Archive Research: 20 newest articles

  • Global History

    Glimpses of East Asia

    UZH’s chair for global history has introduced a podcast series in cooperation with partners from across Europe. It provides listeners with fascinating insights into the history and historiography of East Asia, from the 16th century to the present. More …

  • Astrophysics

    All About Jupiter

    Jupiter is the most important planet in our solar system, says Ravit Helled, an astrophysicist who’s investigating how the round giant and other planets were formed. More …

  • Ergonomics

    "Working flat out"

    More lifestyle choices or total exhaustion: There are pros and cons to flexible working hours says ergonomist Georg Bauer. In this interview he talks about the effects of digitalization and how to feel healthy and satisfied at work. More …

  • Historic Buildings

    History Seen through Farmhouses and Village Churches

    A research team from UZH is investigating the historically significant buildings of the rural district of Dielsdorf near Zurich. The results will be published in a volume of the book series "Die Kunstdenkmaler der Schweiz". More …

  • Arabic Studies

    Alchemical Bestseller

    Didactic poetry combining alchemy and religion: The 12th-century Moroccan manuscript “Splinters of Gold” took the Arabic world by storm. But when Regula Forster was researching its author, she made a surprising discovery. More …

  • Astrophysics

    Sapphires and Rubies in the Sky

    Researchers at the Universities of Zurich and Cambridge have discovered a new, exotic class of planets outside our solar system. These super-Earths were formed at high temperatures close to their host star and contain high quantities of calcium, aluminum and their oxides – including sapphire and ruby. More …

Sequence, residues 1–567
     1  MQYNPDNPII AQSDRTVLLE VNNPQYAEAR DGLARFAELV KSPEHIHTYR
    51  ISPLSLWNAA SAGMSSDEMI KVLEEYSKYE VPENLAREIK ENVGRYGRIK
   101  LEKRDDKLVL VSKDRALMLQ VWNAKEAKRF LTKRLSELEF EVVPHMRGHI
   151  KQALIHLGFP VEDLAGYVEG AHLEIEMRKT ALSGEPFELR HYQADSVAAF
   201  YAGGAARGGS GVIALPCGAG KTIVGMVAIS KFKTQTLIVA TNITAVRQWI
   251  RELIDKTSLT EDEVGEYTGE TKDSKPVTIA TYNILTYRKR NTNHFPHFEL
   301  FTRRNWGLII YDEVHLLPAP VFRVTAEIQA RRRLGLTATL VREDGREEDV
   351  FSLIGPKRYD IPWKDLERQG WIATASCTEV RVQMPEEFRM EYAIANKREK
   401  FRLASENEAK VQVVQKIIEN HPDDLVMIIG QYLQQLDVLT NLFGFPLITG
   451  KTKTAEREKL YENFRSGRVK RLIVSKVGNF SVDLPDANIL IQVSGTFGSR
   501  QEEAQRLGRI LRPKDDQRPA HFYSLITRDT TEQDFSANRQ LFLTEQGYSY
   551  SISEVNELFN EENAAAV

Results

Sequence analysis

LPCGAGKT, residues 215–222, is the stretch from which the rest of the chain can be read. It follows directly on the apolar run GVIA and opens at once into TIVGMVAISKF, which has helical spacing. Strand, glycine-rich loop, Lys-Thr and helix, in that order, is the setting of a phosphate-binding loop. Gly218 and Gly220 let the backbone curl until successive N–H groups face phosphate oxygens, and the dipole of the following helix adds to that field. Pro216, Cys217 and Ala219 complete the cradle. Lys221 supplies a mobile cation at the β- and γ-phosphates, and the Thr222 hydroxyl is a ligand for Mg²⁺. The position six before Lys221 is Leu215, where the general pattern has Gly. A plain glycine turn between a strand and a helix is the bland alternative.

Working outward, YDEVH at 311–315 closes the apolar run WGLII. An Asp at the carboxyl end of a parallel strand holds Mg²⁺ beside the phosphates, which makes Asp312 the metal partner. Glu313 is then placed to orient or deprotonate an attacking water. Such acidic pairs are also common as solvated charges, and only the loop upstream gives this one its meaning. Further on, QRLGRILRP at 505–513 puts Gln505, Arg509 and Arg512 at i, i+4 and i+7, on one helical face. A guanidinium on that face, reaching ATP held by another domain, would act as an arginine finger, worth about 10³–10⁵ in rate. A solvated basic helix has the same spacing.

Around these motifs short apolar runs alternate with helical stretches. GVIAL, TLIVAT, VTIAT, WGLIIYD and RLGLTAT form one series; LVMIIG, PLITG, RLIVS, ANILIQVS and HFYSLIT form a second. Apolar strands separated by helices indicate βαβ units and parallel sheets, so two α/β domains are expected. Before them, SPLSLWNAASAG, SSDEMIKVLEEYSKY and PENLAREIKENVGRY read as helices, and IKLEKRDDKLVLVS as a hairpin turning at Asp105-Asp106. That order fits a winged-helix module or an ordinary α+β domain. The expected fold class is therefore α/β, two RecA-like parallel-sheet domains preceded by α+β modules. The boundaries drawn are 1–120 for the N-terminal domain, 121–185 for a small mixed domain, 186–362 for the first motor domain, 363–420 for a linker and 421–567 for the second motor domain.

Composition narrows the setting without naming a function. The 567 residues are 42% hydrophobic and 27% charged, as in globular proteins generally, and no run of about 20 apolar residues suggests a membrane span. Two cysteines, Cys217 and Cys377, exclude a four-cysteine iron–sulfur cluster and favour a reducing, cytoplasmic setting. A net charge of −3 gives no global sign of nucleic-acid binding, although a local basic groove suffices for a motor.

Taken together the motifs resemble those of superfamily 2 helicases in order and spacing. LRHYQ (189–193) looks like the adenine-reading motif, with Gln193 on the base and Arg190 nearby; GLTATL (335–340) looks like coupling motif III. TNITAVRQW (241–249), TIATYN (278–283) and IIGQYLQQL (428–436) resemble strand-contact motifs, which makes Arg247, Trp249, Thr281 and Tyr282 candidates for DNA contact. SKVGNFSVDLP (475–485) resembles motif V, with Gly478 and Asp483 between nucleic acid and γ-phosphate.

• Neurobiology

    Firing Up the Brain

    Children learn to read in playful ways. But it’s not always easy for them to connect the abstract groups of letters with their meaning. Neurobiologist Silvia Brem researches how children learn to read and how those with reading difficulties can be helped. More …

  • History

    Fridges and Other Revolutions

    UZH students teamed up with historians to shed light on the little known Swiss Trotskyist movement during the Cold War. The seminar project was adapted into a book, which has now been published. More …

  • Cancer research

    Turning Up the Heat on Cancer

    A new kind of heat treatment could be an effective way of supporting cancer therapy. Caroline Maake heats up tumors using naturally occurring nanoparticles, which has shown to eliminate cancer cells in animal models. More …

  • University Medicine Zurich

    Precision Surgery of the Future

    At its annual event this week, the University Medicine Zurich initiative presented its new flagship project SURGENT. The new technology enables operations to be planned and carried out with the utmost precision, in part thanks to holographic navigation. More …

  • Participatory Science Academy